Bats versus bicyclists

Old W. Md. rail tunnel attracts both, but coexistence in doubt

November 15, 2008|By Frank D. Roylance | Frank D. Roylance,frank.roylance@baltsun.com

LITTLE ORLEANS - Clouds drift in front of a nearly full moon as a bat flutters to the mouth of an abandoned railroad tunnel in Western Maryland. There, caught in a web of fishing line, it drops into a biologist's trap.

A quick and gentle exam by flashlight identifies it as a big brown bat, a female. Gloved hands jot down her vital statistics and release her - one more data point in scientists' growing understanding of what is believed to be Maryland's largest winter hideaway for bats.

The 4,350-foot Indigo Tunnel southwest of Hancock hosts an estimated 1,400 bats during their winter hibernation, some of them rare and endangered species. But the bats' fondness for the place could derail plans to extend a popular bike trail through the cavernous tunnel - a route that supporters hope will help lure thousands more tourists to this hard-pressed region.

In 2005, the administration of Gov. Robert L. Ehrlich Jr. set aside $4.6 million in state and federal funds to extend the Western Maryland Rail Trail, a 22-mile paved biking path, for 4.7 miles through Indigo Tunnel to the hamlet of Little Orleans in Allegany County.

Eventually, boosters want to extend it farther, traversing the Stickpile and Kessler tunnels to Paw Paw, W.Va.

Public officials on both sides of the Potomac River think the rail-trail extension could bring more bikers, hikers and in-line skaters, and their money. "In Hancock in the summer, you see all kinds of people in town on bikes. They stop there and eat and buy other things," said state Sen. George C. Edwards, a Republican who represents Western Maryland.

There are ways to extend the trail while bypassing the tunnel, but it wouldn't be the same, say supporters who believe the trail could become one of the nation's top cycling destinations.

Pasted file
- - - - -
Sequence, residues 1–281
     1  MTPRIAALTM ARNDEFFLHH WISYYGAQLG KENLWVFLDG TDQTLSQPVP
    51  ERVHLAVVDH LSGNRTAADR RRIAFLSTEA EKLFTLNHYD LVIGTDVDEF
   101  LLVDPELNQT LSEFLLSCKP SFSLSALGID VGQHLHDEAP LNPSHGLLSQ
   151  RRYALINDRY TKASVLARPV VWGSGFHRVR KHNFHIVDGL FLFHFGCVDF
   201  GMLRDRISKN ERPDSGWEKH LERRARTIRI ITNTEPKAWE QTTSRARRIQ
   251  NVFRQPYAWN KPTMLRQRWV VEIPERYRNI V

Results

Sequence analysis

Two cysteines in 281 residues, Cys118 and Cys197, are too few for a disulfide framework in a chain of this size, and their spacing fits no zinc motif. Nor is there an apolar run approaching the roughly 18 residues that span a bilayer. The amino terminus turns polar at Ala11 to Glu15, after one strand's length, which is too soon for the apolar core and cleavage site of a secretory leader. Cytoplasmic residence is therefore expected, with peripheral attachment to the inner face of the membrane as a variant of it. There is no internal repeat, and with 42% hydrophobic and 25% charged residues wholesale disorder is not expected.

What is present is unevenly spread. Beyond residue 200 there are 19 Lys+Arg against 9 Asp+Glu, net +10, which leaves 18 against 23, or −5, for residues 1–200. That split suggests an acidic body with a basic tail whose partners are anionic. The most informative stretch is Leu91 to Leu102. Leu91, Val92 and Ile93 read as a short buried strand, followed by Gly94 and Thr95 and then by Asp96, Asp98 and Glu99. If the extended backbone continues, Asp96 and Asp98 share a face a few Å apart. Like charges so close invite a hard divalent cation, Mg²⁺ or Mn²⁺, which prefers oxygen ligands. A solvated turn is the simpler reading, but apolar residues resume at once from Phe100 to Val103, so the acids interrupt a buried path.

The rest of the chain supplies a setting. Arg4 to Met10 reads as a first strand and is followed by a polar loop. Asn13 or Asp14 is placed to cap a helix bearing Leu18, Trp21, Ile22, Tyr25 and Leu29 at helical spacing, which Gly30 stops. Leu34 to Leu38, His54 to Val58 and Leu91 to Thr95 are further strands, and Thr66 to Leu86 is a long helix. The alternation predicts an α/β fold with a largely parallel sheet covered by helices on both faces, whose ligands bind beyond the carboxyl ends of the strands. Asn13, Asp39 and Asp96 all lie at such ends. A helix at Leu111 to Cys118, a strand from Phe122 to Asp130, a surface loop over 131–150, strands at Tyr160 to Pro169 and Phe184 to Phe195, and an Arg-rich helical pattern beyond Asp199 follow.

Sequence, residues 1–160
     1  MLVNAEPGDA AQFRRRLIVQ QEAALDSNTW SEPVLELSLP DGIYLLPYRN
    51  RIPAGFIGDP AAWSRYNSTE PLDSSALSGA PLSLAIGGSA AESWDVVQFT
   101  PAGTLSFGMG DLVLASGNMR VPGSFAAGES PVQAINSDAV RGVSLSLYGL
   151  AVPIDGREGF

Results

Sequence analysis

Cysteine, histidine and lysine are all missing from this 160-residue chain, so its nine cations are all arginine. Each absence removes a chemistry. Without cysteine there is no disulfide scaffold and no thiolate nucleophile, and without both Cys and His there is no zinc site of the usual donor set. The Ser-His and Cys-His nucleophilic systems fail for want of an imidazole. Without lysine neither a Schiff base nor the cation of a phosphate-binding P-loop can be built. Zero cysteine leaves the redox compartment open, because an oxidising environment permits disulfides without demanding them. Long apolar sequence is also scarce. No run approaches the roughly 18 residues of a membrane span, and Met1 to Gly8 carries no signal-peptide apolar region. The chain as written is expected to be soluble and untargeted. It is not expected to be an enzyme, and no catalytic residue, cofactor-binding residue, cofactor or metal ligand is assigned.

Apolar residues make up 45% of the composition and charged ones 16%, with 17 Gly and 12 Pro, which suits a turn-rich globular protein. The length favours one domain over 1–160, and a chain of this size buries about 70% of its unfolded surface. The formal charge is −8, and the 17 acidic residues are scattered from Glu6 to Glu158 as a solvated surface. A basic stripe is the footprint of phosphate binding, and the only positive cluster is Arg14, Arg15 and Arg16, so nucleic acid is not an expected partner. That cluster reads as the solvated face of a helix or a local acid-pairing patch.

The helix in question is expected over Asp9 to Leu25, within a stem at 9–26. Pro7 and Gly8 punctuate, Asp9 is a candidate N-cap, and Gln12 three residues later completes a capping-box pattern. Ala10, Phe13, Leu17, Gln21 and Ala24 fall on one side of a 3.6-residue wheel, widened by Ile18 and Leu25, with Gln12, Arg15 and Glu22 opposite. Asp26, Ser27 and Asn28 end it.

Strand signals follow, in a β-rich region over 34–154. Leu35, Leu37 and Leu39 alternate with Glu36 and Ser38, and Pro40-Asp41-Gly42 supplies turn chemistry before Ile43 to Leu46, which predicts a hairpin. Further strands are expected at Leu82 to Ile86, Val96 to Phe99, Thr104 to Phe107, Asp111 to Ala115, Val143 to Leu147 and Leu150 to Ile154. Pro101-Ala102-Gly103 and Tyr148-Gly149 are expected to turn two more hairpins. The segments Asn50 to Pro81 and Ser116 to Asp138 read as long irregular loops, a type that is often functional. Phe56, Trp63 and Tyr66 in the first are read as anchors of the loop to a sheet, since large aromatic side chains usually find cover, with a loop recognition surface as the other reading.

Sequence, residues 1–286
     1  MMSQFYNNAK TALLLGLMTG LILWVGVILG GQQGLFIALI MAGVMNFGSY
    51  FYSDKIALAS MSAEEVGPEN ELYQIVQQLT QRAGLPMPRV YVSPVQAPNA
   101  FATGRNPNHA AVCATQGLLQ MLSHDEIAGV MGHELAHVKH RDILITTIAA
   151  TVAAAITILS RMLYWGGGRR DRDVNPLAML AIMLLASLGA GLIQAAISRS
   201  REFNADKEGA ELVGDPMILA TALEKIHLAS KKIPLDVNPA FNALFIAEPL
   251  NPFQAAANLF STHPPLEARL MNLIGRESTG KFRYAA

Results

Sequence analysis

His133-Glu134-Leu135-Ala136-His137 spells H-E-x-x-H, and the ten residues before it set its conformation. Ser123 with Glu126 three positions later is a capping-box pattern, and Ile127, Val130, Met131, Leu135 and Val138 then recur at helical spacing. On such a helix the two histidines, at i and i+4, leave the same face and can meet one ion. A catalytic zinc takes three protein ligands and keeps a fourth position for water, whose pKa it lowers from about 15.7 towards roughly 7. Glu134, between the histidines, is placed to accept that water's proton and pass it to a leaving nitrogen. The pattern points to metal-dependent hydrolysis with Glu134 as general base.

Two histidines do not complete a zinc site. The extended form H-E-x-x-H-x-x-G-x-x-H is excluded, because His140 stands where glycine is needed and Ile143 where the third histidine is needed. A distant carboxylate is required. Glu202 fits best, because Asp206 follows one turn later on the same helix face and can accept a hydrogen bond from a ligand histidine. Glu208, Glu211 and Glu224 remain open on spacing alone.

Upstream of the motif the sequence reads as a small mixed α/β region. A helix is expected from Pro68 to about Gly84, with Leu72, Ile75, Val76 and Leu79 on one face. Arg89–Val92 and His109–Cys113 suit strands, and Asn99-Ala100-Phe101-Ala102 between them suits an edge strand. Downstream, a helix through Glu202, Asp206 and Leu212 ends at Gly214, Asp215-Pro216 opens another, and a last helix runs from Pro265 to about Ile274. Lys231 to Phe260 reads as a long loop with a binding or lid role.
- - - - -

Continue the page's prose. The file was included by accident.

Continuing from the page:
"Anytime you can include a 100-year-old historic tunnel in your trail, that kinda gives you bragging rights," said Penny Pittman, a restaurant owner and president of the Hancock Chamber of Commerce.

Human recreation and bats can sometimes coexist, says Jim Kennedy, a biologist with Texas-based Bat Conservation International: "But in this case, we really don't see a clear way that the bike trail is going to have any beneficial or benign effects on the bats."

He worries that human presence in the tunnel, and alterations for bike traffic, would make it unattractive to bats.

Harvey Bryant, manager for the project at the Maryland Department of Natural Resources, said his agency "will do whatever is necessary to protect the bat species, since they are endangered."

Final decisions on the tunnel's future are a year away, after completion of an environmental assessment by the University of Maryland's Appalachian Laboratory in Frostburg. The findings will go to DNR and ultimately to the National Park Service, which owns the property as part of the C&O Canal National Historical Park.

The single-track Indigo Tunnel was built in 1904 and served until the Western Maryland Railway abandoned it in 1975. Shored up by wooden cribbing, the 20-foot rock walls are largely exposed. The roof is covered by wooden planking.

There were few bats there when it was abandoned, said Dana Limpert, a DNR ecologist. But it has since become the largest known bat hibernaculum in Maryland. It also appears to be the last major redoubt of the Eastern small-footed myotis.

This tiny bat is listed as endangered in Maryland, rare in West Virginia and threatened in Pennsylvania. Its two largest hibernacula, both in New York state, have been devastated since 2006 by "white nose syndrome." Over two winters, the spreading fungal infection has killed hundreds of thousands of bats in New York and New England.

"We are expecting to lose the Eastern small-footed myotis up in the Northeast," said Aimee Haskew, 29, a faculty research assistant at the Appalachian Lab. "It's possible ... this will be their last large hibernaculum range-wide. Given the conservation status of the species, under state law they warrant protection."

Strolling through the silent, dripping tunnel one night this week, she swept a flashlight beam across solitary bats sleeping on the rock walls. Some ceiling supports have rotted and collapsed, and piles of fallen rock litter the floor.

If the trail goes through, DNR officials said, they would replace the rotted wood; install dim, cool, LED lighting near the floor; and clear fallen rock. But they also would gate both portals so humans could be kept out at times, while still allowing free access to bats.

As a scientist, Haskew insists she is neither for nor against development of the tunnel. But after working with bats for more than four years, she is worried. "They're fascinating creatures, so misunderstood ... such underdogs," she said. "I just don't want to hurt the bats."

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